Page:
There Are No Unimportant Parts of the Church

A Varied Menu

Every few months, my church gathers in the fellowship hall for a slightly different purpose: lunch. Each person brings a dish of their choice in addition to contributing items such as drinks or bread from a sign-up list. After morning worship, the pastor gives public thanks for the food, we all file into the hallway, and we wait our turn to fill paper plates at the laden tables. The routine is familiar. The actual menu is unpredictable. Some weeks, it seems like everyone decides to make a pasta-themed dish, and our plates pile with zitis and spaghettis in binary red and white. Other weeks, in an unplanned act of synchronized health-consciousness, the salads take over space typically reserved for desserts. Usually, it’s just the reverse. Only rarely do we manage a perfectly balanced table, with veggies and meats in proportions that would make a nutritionist—or mother— proud. When it comes to fellowship lunch, you never know what you might eat. But you certainly won’t leave hungry.

The membership of the local church can feel a bit like the unpredictable offerings at a fellowship lunch. Our congregation’s gifts don’t always fit into a tidy organizational chart or appear to be evenly distributed. Sometimes the church has dozens of teachers; often it has few. Sometimes it has people who are able to give abundantly; often its members are just scraping by. It may have twenty nursery volunteers to every person who wants to do evangelism or twenty would-be organizers to every one who is willing to make the coffee. Often it seems like a handful of people have all the gifts, and the rest of us barely have any. You never know what you might find on the buffet table of church-member gifts.

Thankfully, the particular composition of the church doesn’t depend on us. Continuing the image of the church as a body, Paul writes, “But as it is, God arranged the members in the body, each one of them, as he chose” (1 Cor. 12:18). The truth of 1 Corinthians 12 is that however it might appear, the people and gifts represented in our local church are exactly the people and gifts we need. A few verses later, Paul flatly dismisses any suggestion that some people or gifts are more necessary for the body’s well-being than others: “The eye cannot say to the hand, ‘I have no need of you,’ nor again the head to the feet, ‘I have no need of you.’ On the contrary, the parts of the body that seem to be weaker are indispensable” (1 Cor. 12:21–22). Again he affirms, “God has . . . composed the body” (1 Cor. 12:24). This truth should give you confidence: your particular gifts have a valuable, God-appointed place. It should also humble you: your particular gifts are simply one part of the body, and you desperately need other people with their particular gifts (see Rom. 12:3). Finally, this truth should increase your love for the local church: the gifts in the body are exactly what God knows your congregation needs. Because of God’s sovereign choosing, no part is missing, and every part is valuable.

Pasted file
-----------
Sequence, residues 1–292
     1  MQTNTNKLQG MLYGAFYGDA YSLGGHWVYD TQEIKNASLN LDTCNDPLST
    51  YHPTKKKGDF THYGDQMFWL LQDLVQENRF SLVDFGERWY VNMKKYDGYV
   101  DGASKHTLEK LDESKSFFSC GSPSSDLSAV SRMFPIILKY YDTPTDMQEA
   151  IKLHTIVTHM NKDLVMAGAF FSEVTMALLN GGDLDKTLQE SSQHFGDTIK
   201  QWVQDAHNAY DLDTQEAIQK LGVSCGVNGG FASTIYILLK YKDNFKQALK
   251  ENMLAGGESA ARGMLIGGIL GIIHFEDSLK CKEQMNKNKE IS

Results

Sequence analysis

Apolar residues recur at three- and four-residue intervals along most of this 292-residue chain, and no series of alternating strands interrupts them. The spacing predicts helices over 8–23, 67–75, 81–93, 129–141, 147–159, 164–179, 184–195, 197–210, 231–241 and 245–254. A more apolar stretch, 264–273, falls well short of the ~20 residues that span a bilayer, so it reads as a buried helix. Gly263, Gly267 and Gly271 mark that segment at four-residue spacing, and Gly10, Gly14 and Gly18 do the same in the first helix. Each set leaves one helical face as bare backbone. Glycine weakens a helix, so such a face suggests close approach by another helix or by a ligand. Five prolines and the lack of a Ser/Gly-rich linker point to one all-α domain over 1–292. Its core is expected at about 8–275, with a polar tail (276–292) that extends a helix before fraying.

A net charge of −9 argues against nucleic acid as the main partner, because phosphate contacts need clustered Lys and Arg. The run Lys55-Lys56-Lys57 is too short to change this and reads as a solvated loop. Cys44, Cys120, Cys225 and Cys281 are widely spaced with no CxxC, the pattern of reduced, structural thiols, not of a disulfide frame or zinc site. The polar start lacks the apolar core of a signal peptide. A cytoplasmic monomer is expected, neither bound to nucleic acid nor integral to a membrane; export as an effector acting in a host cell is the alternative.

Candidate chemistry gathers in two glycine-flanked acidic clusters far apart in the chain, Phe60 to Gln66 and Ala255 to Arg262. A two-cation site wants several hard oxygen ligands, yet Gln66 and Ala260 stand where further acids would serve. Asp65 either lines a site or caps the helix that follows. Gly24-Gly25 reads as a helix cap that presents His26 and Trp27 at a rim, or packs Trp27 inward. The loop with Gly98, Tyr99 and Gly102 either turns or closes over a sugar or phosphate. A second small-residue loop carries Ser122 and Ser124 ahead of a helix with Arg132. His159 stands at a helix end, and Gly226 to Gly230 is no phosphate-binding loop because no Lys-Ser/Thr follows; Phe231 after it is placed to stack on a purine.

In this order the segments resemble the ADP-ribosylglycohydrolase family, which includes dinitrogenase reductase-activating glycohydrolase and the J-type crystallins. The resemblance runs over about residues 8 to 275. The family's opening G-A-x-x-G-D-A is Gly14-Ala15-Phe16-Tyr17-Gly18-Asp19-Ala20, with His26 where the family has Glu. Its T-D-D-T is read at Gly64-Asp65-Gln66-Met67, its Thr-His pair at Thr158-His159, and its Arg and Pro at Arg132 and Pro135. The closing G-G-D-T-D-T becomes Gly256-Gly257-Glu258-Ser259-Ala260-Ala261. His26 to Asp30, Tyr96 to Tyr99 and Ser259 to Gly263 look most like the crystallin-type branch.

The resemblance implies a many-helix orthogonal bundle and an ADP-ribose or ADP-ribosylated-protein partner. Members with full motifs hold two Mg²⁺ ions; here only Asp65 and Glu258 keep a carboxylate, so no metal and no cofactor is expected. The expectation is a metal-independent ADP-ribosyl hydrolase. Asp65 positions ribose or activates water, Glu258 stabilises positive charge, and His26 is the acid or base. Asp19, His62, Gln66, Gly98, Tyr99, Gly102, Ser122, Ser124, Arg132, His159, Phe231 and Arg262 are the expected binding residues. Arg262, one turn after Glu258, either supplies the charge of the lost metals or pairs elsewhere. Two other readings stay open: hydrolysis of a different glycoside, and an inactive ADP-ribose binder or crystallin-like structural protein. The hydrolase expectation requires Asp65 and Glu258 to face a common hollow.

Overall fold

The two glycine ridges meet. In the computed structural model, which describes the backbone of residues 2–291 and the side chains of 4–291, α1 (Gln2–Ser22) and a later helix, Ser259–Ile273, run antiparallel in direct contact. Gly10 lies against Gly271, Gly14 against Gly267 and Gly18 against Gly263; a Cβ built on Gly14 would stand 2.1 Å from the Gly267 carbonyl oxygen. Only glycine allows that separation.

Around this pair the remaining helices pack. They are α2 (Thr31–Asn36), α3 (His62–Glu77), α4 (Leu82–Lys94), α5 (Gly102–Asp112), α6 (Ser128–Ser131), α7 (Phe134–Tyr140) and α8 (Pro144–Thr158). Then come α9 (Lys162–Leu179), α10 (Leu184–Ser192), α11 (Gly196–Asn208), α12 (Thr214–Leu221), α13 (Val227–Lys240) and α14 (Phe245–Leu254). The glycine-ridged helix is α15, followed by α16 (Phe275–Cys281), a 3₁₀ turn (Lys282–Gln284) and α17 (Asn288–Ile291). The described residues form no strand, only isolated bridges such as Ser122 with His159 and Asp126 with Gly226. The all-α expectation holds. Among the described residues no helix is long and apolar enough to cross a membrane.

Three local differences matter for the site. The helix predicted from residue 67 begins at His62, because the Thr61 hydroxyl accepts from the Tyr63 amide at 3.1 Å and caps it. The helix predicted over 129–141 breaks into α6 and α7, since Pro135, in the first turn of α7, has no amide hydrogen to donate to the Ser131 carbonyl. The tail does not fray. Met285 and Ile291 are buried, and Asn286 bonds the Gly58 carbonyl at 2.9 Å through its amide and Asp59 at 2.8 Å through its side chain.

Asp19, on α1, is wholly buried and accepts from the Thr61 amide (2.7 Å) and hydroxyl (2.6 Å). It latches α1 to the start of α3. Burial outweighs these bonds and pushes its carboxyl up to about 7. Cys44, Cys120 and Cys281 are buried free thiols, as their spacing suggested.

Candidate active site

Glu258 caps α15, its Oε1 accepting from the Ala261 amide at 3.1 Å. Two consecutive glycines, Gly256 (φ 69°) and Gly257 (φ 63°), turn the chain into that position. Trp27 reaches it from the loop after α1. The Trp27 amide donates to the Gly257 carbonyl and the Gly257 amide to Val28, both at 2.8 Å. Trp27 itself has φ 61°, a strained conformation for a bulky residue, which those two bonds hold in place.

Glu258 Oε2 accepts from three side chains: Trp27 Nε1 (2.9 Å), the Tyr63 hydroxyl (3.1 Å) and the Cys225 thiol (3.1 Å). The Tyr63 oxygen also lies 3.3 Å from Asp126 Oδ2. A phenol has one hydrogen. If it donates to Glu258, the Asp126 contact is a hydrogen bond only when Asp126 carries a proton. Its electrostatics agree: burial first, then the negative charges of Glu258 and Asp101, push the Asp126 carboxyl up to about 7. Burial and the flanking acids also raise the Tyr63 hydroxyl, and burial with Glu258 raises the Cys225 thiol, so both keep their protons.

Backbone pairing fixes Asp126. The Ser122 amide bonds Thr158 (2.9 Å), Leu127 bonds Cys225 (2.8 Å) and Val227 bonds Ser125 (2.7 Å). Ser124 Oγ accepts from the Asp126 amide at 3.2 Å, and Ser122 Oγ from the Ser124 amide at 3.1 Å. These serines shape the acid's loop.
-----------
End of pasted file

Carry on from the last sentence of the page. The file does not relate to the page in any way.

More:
A Place to Belong

A Place to Belong

Megan Hill

This book helps readers delight in being a part of relationships within the church—no matter how messy and awkward they seem—with rich theology, practical direction, and study questions for group use.

In the New Testament we read five different lists of spiritual gifts (Rom. 12:6–8; 1 Cor. 12:8–10, 28–30; Eph. 4:7–11; 1 Pet. 4:7–11). They name gifts such as faith, healing, prophesy, teaching, service, and mercy, but each list—even each of the two lists in 1 Corinthians 12—is strikingly distinctive. Particular gifts repeat, while others show up on one list and disappear from another. Some of the listed gifts are unique to the apostolic age, and others continue to the present day. We immediately recognize many of the gifts, but we don’t even know how to define a few of them. Ultimately, any attempt to rigidly identify and neatly categorize a precise list of spiritual gifts will end in frustration. This is intentional. Peter and Paul don’t give us a neat graphic or a quick diagnostic survey, because a mechanical approach to spiritual gifts would miss the larger point: the Spirit gives exactly the right gifts in exactly the right measure at exactly the right time to exactly the right people for the well-being of the local church.1 As we look around our church, we can trust that the assembled gifts, whatever they are, are for our good.

The Fullness of Christ

The end of our weekly fellowship time always seems to arrive quickly. As the clock ticks toward ten-thirty and the beginning of worship, someone flashes the lights in the fellowship hall. Called to attention, mothers gather children, devoted coffee drinkers drain their cups, and the teens jostle goodnaturedly on their way to the door. The pastor scribbles one more thought on his sermon notes while a young man silently cleans the inevitable crumbs from tables and chairs. We might not set foot in this room until next Sunday, but we leave committed to using our gifts in the coming days; we’ll meet later in the week to unload boxes at the nursing home or to visit the sick or to pray for particular needs. We walk out the door with a renewed sense of our own God-assigned place and our own God-given duties. But we also leave with something more. As I turn my head to look back over the quickly emptying fellowship hall, I realize that in this simple half-hour gathering, we have enjoyed Christ himself.